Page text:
Donation of Food Raises Tension in Gull Bay First Nation


GULL BAY FIRST NATION – A donation of food raised tensions over the weekend in Gull Bay First Nation, a community about 200 kilometers north of Thunder Bay that has been affected by several COVID cases -19.

Videos circulating on social media show a confrontation between a group seeking to enter the community to deposit food donations on Saturday and a Gull Bay police officer, who refused them entry. The group was largely made up of members of the First Nation who now live off reserve, who reported collecting thousands of dollars in grants and donations to finance the delivery, which filled a number of trucks and trailers.

“We are a member of a group, why are we not allowed to go to our own reserve? A member of the group asked a police officer in one of the videos uploaded to Facebook.

“For the safety of the residents of the reserve,” replied the officer.

“You have to load food into these other trucks, it’s that simple,” the officer later told them.

The group eventually loaded donated food into vehicles belonging to residents of Gull Bay, who organizers say have dropped off food throughout the community. But the incident left a bitter taste in the mouths of many in the community, including Chef Wilfred King.

King said the donation was appreciated but that the community had clearly asked non-residents not to visit after the community was struck by COVID-19 – there are now seven confirmed cases and two other suspects, did he declare.

“We are trying to tell our non-resident members to stay away because we do not know where they have gone and there is a good chance that they will be positive [for COVID-19], ” he said. “We don’t want any more infections in the community. I think that’s very understandable – all the First Nations in this region have done it, to my knowledge. “

King said he thought dropping out and trying to get into the community was a political coup.

“To me, this is all politically motivated,” said King. “It had nothing to do with the lack of food in Gull Bay. The organizers, the people behind them introduce themselves for the chief and the council [in the next election]. “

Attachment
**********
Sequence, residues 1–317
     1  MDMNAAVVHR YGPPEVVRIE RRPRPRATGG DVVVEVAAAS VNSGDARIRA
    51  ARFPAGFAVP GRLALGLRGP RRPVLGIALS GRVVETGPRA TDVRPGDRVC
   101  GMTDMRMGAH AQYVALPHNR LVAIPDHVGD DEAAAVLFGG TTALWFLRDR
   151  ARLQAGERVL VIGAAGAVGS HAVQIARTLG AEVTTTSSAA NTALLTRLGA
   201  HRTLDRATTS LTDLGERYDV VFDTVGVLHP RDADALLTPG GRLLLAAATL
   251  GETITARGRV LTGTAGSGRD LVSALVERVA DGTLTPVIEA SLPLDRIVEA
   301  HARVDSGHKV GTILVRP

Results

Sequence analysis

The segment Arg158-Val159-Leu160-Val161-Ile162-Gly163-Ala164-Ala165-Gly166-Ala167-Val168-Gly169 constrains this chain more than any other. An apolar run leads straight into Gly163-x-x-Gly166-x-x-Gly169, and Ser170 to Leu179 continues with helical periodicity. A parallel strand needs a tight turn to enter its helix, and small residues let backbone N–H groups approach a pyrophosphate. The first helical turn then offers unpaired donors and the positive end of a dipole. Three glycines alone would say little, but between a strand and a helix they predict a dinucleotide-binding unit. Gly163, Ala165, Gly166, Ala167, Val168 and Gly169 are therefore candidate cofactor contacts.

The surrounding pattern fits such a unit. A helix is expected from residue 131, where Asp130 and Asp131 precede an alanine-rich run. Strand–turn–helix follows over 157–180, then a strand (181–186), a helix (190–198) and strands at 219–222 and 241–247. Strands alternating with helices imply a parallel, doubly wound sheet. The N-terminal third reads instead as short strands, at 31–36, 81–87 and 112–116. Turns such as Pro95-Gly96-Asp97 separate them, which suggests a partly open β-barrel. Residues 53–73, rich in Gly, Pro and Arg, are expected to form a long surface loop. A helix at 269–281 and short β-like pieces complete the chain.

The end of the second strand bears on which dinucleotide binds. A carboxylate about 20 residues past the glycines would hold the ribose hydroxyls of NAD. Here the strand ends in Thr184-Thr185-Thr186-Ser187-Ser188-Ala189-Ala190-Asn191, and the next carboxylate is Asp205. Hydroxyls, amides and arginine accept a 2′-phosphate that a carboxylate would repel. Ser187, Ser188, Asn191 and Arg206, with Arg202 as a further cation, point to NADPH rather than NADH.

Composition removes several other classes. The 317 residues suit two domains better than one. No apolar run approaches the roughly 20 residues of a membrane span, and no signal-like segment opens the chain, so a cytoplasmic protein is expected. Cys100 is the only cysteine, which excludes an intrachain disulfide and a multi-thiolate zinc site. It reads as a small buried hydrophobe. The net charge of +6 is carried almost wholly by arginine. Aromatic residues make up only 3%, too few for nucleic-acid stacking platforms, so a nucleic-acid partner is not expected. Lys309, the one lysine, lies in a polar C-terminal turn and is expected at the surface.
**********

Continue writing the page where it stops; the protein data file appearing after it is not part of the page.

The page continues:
An organizer behind the donation, Khanena Nowegejick, disputed the claim. Nowegejick has family ties to the community, although he is not technically a member of the First Nation. She said she wanted to help after seeing the only store in the community, which had limited food supplies, was closed when the owner, who is also her cousin, signed a contract with COVID-19.

“Immediately, I think there is no store there,” she said. “I’m a mom and I don’t drive, I can’t imagine being in this pandemic and not being able to walk to the store to get bread or milk. “

Nowegejick said she was concerned about community members who may not have access to a vehicle, with grocery stores closest to Armstrong or Thunder Bay. She started to phone and eventually raised over $ 3,000 for an informal campaign to help the community with food donations.

Group members say the needs of the residents of Gull Bay were not met during the COVID-19 crisis. Henry Belmore, a member of the First Nation who lives in Thunder Bay, offered to use his truck to help deliver food on Saturday. He said community members were hesitant to leave for the grocery store, but were not supported.